A while back, I stumbled upon someone discussing their experience at the FBI Citizens’ Academy. I’ll be honest, what really attracted me was them describing their “range day” where they got to play with some of the FBI’s guns. I did some more digging and found some links to my local FBI Field Office (Charlotte Division) and a contact email. After a quick email, I had the info I needed to put my name on the list for the next class. January 2012 came and I was contacted with an application for the Citizens’ Academy. A short while afterward, I was notified of my acceptance and all the details. Since details were relatively scarce on the all-knowing internet about the details of a typical class, I figured it would be a good idea to pass on my experience here in a journal type of report for those interested in a future class. I’ll keep updating here as the class progresses through its 9-week semester.
First things first, the Citizens’ Academy is intended to be an FBI outreach program to communities surrounding their field offices. They want to show folks what they do and how they do it in hopes of gaining the people’s trust, making some relationships in the community (they attest to maintaining contact with previous “graduates” in some form or fashion), and just plain enlightenment about the crimes and criminals they handle. They prefer participants be some sort of business, community, or religious leader so you can spread the word of the FBI in your groups. Here’s the official FBI webpage here and here.
There is an invite and application process…it’s not just open to anyone off the street. They want to know who you are (obviously) and what you do (professionally and recreationally). They do a basic background check and request a short bio to introduce you to the Agents helping run the show and the other participants. I got invited to apply by simply emailing the Charlotte public contact at Charlotte.email@example.com. I believe classes are only once per year, so around January I got the application in the mail and I was notified of selection in early March. The class started a week ago in mid-April. So if you inquire now, you’ll likely get a response, but it’ll be a while until the next class. I was straight up about my hobbies, specifically shooting. I thought it might hinder my chances of getting selected, but obviously it didn’t.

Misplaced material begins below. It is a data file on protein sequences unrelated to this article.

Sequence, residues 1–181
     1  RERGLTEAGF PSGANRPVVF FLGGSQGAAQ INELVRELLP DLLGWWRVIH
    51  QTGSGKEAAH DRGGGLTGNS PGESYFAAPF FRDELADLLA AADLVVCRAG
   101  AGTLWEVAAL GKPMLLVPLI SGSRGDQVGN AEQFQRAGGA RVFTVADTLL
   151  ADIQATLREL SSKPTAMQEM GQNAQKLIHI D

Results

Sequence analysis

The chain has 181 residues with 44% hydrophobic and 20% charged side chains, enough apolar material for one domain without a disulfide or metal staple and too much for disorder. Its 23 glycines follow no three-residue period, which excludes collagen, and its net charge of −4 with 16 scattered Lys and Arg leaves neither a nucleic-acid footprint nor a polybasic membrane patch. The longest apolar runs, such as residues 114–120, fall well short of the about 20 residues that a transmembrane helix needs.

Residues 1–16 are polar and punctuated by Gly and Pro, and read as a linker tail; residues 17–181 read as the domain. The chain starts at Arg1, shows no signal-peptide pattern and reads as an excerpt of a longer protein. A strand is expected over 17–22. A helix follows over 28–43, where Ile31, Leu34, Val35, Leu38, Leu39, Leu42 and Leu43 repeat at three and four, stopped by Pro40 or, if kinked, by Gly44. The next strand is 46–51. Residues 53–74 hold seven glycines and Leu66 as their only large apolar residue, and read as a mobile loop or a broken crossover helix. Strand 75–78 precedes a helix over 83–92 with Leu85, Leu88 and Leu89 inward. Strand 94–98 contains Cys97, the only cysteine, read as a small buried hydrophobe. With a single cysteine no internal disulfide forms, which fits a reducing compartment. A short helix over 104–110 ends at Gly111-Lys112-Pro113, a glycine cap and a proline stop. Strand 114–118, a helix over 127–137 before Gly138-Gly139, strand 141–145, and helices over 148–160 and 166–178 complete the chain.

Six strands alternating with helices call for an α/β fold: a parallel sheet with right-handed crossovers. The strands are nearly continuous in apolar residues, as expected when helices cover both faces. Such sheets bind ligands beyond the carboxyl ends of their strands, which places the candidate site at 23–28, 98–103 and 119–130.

After being selected, I was briefed on the basics of the class: dress code (business casual), meeting times (6-9:30pm once per week), accessing the building through security, no cell phones allowed in the building, no cameras (except for range day), etc. It wasn’t until I showed up for the first class that I saw the full syllabus. Basically each night presents two or three different aspects that the FBI (specifically the Charlotte office) does. A day at the Charlotte-Mecklenburg Police Department gun range is included where we’ll get to shoot MP5’s, M4’s, and other tools of the trade. Everything is supposed to be capped with a “graduation” at a fancy restaurant here in town. Afterward, there’s an actual alumni association you can join which does annual events including trips to Washington, DC to tour FBI HQ. Basically, you’re not getting any sort of certification or even real training on anything. It’s 100% informational and a unique opportunity to see a good portion of what the FBI does…not to mention, you get to shoot their class III toys!
Evening #1: Introduction and Facility Tour
Everything started with checking in at the guard booth and getting a visitor’s badge that let’s everyone know in big letters that I need to be escorted everywhere around the premises…yes, even to the bathroom (they stand outside, don’t worry). Walking into the FBI building, you’re overwhelmed by the marble floors and fancy wood-paneled walls (maybe mahogany?). Dare I say “overboard” when it comes to the fancy-ness of the building. The building itself is huge and definitely has the feeling of being very secure and not cheap construction. Some of you may have been in a Federal building before and this wouldn’t be new to you, but this was my first time really and it was impressive. Nevermind the wondering about how much the place cost! The Special Agent in Charge welcomed us with a quick speech and did elude to the fact that is a very nice facility and likely the last of its kind for a long time given the current Federal budget issues. Suffice to say, it doesn’t look like much was spared when designing and furnishing this place. I could go on all day about the merits of such grandeur, but I don’t want to.